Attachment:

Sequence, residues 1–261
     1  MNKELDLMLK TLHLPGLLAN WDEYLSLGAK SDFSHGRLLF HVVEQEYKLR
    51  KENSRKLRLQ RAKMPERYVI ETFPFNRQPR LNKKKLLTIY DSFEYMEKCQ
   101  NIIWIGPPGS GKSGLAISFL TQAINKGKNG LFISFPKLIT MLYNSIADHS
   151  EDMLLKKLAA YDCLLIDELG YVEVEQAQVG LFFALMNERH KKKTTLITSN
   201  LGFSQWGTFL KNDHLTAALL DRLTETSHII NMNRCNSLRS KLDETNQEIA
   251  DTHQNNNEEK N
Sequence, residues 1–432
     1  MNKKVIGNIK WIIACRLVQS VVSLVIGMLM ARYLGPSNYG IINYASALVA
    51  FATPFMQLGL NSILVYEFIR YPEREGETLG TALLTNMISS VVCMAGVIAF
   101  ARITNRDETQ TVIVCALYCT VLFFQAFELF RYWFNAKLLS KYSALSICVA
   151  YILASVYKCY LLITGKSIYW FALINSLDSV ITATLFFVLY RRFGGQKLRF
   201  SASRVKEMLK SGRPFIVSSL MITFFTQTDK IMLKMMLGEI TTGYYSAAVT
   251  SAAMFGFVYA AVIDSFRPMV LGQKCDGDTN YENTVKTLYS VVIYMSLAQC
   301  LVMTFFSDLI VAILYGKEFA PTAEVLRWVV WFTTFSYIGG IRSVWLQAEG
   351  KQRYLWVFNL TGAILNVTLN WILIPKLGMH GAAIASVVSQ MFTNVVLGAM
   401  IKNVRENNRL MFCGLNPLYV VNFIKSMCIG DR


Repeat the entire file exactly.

Sequence, residues 1–261
     1  MNKELDLMLK TLHLPGLLAN WDEYLSLGAK SDFSHGRLLF HVVEQEYKLR
    51  KENSRKLRLQ RAKMPERYVI ETFPFNRQPR LNKKKLLTIY DSFEYMEKCQ
   101  NIIWIGPPGS GKSGLAISFL TQAINKGKNG LFISFPKLIT MLYNSIADHS
   151  EDMLLKKLAA YDCLLIDELG YVEVEQAQVG LFFALMNERH KKKTTLITSN
   201  LGFSQWGTFL KNDHLTAALL DRLTETSHII NMNRCNSLRS KLDETNQEIA
   251  DTHQNNNEEK N
Sequence, residues 1–432
     1  MNKKVIGNIK WIIACRLVQS VVSLVIGMLM ARYLGPSNYG IINYASALVA
    51  FATPFMQLGL NSILVYEFIR YPEREGETLG TALLTNMISS VVCMAGVIAF
   101  ARITNRDETQ TVIVCALYCT VLFFQAFELF RYWFNAKLLS KYSALSICVA
   151  YILASVYKCY LLITGKSIYW FALINSLDSV ITATLFFVLY RRFGGQKLRF
   201  SASRVKEMLK SGRPFIVSSL MITFFTQTDK IMLKMMLGEI TTGYYSAAVT
   251  SAAMFGFVYA AVIDSFRPMV LGQKCDGDTN YENTVKTLYS VVIYMSLAQC
   301  LVMTFFSDLI VAILYGKEFA PTAEVLRWVV WFTTFSYIGG IRSVWLQAEG
   351  KQRYLWVFNL TGAILNVTLN WILIPKLGMH GAAIASVVSQ MFTNVVLGAM
   401  IKNVRENNRL MFCGLNPLYV VNFIKSMCIG DR